Peak Performance Principles in Speaking
(Reprinted from June, 1996, Professional Speaker Magazine)
To attain peak performance in speaking and when giving any presentation, there are strategic principles that will increase your effectiveness. Failure to perform at our peak is generally due to our own negative attitudes, procrastination, ignorance about success principles, failure to write down goals, and our fear of change. The following peak performance principles should help you develop your own map for success.
Nature abhors a vacuum. When you clear out the clutter in your life, something else will fill up the space. Make a list of anything you would be willing to toss out: old ideas, dated materials, old magazines, duplicates, old notebooks and notes you hoped to read someday. Throw out whatever you are no longer using or is no longer current and fresh. It takes some faith and trust to do it. When business slows down, I clean out my files. Inevitably I receive phone calls with offers of new business. It works, but it takes a risk to clean out the old.
When we give, we begin the flow of receiving. The expression, “What goes around, comes around,” applies to our business as well as personal life. Whatever we give out seems to come back. I appreciate business leads from others, and I receive a good number of them because I give away leads to someone else who could better service my client. Be willing to donate free speeches, workshops or consulting. There are many non-profits who can benefit from our giving.
Everyone has the potential for success. Some people undermine their own success because they don’t believe they deserve it. Try the following three rules to increase your confidence, self-esteem and to attract more success:
- Love yourself 100%-assets as well as liabilities
- Acknowledge your uniqueness and your special speaking talents.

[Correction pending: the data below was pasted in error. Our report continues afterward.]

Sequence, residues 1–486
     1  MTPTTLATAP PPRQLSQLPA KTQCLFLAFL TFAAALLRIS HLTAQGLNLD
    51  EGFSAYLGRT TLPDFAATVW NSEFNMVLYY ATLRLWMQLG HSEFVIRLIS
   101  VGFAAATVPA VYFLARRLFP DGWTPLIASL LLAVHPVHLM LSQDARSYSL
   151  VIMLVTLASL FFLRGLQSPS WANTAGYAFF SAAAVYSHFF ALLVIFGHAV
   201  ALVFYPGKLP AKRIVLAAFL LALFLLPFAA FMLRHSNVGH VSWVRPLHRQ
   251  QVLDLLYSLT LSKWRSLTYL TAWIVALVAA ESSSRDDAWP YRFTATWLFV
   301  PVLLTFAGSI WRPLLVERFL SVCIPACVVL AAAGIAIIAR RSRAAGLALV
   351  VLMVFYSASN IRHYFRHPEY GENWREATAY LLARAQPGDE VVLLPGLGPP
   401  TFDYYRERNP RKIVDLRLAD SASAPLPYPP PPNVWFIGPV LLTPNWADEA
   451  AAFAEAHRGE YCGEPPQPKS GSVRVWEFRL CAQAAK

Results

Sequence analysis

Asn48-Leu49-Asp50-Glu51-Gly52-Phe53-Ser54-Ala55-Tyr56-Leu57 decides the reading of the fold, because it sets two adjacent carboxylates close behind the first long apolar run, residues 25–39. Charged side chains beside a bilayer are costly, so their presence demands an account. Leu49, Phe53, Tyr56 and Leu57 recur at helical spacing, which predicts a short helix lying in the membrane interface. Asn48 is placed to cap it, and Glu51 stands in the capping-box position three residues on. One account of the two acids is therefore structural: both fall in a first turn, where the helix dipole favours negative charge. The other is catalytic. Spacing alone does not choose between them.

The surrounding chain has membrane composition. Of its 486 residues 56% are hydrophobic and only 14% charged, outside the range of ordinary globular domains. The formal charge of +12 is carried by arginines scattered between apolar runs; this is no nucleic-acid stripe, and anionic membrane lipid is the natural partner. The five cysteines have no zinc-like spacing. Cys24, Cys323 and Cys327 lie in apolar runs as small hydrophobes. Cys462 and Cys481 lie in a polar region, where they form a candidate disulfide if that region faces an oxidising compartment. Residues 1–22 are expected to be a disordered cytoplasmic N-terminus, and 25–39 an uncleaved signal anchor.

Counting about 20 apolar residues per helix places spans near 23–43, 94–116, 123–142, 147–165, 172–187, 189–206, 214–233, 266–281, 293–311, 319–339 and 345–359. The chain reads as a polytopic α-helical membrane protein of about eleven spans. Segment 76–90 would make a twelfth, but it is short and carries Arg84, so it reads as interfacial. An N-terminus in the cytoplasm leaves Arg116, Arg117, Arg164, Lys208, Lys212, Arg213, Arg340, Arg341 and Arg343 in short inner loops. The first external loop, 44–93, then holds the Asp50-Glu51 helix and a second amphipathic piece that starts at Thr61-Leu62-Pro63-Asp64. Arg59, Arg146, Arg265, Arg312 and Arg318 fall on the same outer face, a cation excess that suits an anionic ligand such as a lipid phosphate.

- Don’t take yourself too seriously. Learn to laugh at your mistakes.
Some people call this the principle of “Seed Money.” It means putting aside 10% for the future. Thousands of years ago, the farmers saved 10% of the crop for seed. Many successful people practice tithing or giving 10% of their income (after taxes) to a worthy cause. This reinforces the first two principles: it creates a vacuum, and it gets you into the flow of giving. Experiment for six months and watch the results.
Put your goals into a positive form. “I will call ten prospects this week.” “I will increase my calling by 20% over the next month.” Express the goal as if it is already true. This is a positive way to program you mind.
A few years ago, my husband had an opportunity to be on a quiz show. The grand prize was a one-week cruise for two. We made ourselves a treasure map, cut out a picture of the cruise ship, mounted it on a poster-board, and wrote beneath it. “We are now enjoying our cruise.” We studied this “map” for weeks until the day of the quiz show. My husband didn’t win the trip. He won… the portable dishwasher. However, two months later our treasure map came true. We were asked to audition for a promotional film on a cruise line. We won the audition, a week’s cruise in the Caribbean, and a two-week cruise anywhere in the world. Visualizing goals is a powerful tool. Visualize yourself delivering a peak performance speech that touches your audience’s hearts.
Remember that you are unique. You have something special to offer your audience, your family, your community. We all want to feel that we are making a difference that we count. Successful people are those who contribute time, talent, or money to better the world.
These peak performance principles can work for you. It takes a commitment to practice them, a new way of thinking to clear away the clutter, and a willingness to risk. Find ways to invest something in your future. Affirm and visualize your goals for success. And, share your talent with the world. Your contribution does make a difference.